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Whale Poop is essential for the world – says study

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Blue whales, which are bigger than any dinosaur ever, can grow to a length of 110 feet and a weight of 190 tons.

The baleen whales, which include the humpback and grey whales, are all members of the cetacean family. As a group, they are among the largest creatures on Earth.

You might think that creatures of this size consume a lot of food. However, new evidence reveals that baleen whales eat three times more than previously thought.

They poop more as a result of this. And scientists say that this is great news for the rest of us.

The study was published in the journal Nature on Wednesday.

Baleen whales eat small fish and crustaceans, especially krill, in clusters. In turn, whale poop is an important source of nutrients for ocean ecosystems.

However, because of their size and feeding habits, it’s been difficult to estimate how much food they eat. Conservation efforts have been hampered as a result of this.

“If we want to protect whales and make sure they are thriving in modern oceans, then knowing how much food they need to survive and reproduce is critical,” says lead author Matthew Savoca, a postdoctoral scholar at Stanford University.

Previous estimates were likely off because they relied on metabolic models based on much smaller species examined in captivity, such as dolphins, or were based on the contents of dead whales’ stomachs.

“Occasionally when whales were killed, people would open their stomachs and weigh the contents inside,” adds Savoca.

This research team, on the other hand, employed direct measurements of baleen whales in the Atlantic, Pacific, and Southern Oceans to figure out how much krill they ate and then defecated. Researchers collected field data on more than 300 baleen whales from seven different species using tagging technologies and acoustic assessments.

Scientists assessed the amount of prey (such as swarms of krill) eaten by the whales, as well as the number of nutrients recycled back into the ocean through excrement, based on their observations of daily feeding activity.

Baleen whales are thought to ingest less than 5% of their body weight each day, according to previous research.

Instead, according to Savoca’s findings, baleen whales devour three times more prey than previously thought.

Whales tend to consume 5 to 30% of their body weight per day across all baleen whale species studied. Fin whales and humpback whale populations in the northern Pacific Ocean alone require more than two metric tons of krill each year, according to the researchers.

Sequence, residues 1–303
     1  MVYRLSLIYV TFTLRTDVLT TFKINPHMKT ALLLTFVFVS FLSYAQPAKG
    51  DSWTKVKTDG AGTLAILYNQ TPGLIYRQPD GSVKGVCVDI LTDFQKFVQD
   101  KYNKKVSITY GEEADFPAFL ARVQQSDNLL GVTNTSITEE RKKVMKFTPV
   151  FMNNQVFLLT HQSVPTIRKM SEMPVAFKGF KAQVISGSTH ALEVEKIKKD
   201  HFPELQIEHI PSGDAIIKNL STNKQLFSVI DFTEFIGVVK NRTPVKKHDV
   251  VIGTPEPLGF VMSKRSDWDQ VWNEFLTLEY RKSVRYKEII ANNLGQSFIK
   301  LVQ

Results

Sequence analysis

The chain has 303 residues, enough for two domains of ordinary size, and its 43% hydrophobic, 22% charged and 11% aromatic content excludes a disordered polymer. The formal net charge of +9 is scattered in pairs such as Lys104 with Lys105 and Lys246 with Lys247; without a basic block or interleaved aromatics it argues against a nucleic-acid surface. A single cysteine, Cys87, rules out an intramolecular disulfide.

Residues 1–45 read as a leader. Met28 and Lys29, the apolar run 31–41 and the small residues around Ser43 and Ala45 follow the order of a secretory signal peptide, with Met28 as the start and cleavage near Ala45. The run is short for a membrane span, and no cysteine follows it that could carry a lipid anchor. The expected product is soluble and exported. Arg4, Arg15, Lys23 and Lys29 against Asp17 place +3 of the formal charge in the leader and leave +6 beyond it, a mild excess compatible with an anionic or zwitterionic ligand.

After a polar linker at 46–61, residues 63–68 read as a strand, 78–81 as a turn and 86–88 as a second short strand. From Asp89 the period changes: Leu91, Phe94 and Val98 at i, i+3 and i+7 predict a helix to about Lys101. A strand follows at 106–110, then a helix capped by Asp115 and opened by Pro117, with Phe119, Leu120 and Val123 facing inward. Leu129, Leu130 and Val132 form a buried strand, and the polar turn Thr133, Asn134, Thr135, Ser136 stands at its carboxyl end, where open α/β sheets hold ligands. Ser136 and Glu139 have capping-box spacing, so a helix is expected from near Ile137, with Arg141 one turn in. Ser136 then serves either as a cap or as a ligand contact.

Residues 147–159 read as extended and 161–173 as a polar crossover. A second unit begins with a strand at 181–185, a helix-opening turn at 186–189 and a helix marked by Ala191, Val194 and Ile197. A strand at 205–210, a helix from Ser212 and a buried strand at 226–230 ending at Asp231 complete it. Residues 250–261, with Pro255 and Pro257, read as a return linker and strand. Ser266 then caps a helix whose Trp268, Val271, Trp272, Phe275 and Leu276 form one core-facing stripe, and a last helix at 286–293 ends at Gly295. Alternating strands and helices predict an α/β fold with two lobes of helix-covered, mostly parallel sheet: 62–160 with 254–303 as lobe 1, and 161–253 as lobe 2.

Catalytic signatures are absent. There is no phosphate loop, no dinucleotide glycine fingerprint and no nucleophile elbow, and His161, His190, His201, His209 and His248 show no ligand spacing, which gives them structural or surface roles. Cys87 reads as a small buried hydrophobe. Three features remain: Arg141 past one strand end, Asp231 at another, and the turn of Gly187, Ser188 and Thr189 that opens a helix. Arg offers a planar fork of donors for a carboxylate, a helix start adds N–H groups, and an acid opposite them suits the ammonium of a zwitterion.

The amount and type of prey consumed, however, is determined by the whale. On feeding days, an adult eastern North Pacific blue whale (Balaenoptera musculus), for example, will eat 16 tons of krill, but a North Atlantic right whale will likely take five tons of tiny zooplankton.

Meanwhile, humpback whales prefer a more complex diet that includes both anchovies and krill. All of this food equates to a lot more excrement.

“In brief, if whales eat more than we thought, then they also recycle more nutrients — i.e. poop — than we thought,” says Savoca.

WHY DO THESE RESULTS MATTER?

The researchers weren’t just trying to figure out how much whales eat and poop for the sake of it.

“While it may just seem like a fun trivia fact, knowing how much whales eat is an important aspect of ecosystem function and management,” says Savoca.

In ocean ecosystems, whales play a vital role in nutrient recycling. When they poop, they return nutrients to the water, including iron. Smaller ocean animals, such as phytoplankton, take these nutrients, which helps to maintain oceans healthy.

According to Savoca:

“It’s not that these whales add more iron —or other nutrients — to the system, they just convert it from within the bodies of their prey, to in the seawater itself, where it could, in theory, fertilize phytoplankton — the base of all open ocean food webs.”

However, while whale poop has a huge impact on worldwide ocean ecosystems, new research reveals that the loss of whales has slowed the global nutrient recycling conveyor belt.

Between 1910 and 1970, baleen whale populations plummeted due to commercial whaling. As a result, the remaining whales ate less prey than they could have, recycling less nutrients.

Baleen whales in the Southern Ocean had 430 million tons of Antarctic krill annually until the 1900s, according to the study. That’s twice as much krill as there is now.

“Baleen whales were maintaining the krill stocks on which they were feeding,” says Victor Smetacek, the author of a related perspective on the study.

“It all collapsed when the whales were taken out,” Smetacek said.

This new research underlines whales’ vital yet vulnerable role in ocean ecosystems, especially given that scientists know baleen whales contribute far more to these ecosystems than previously thought.

Although certain baleen whale species, such as the humpback whale, have made amazing comebacks in recent years, others have not.

Savoca thinks that his research will bring attention to the ecological importance of baleen whales and boost conservation efforts. Simple improvements, such as restrictions slowing shipping traffic along frequent whale routes, can have “big positive effects,” he says.

“We are trying to use the information we have learned to try and conserve whales, and help them recover,” Savoca says.

Image Credit: Getty

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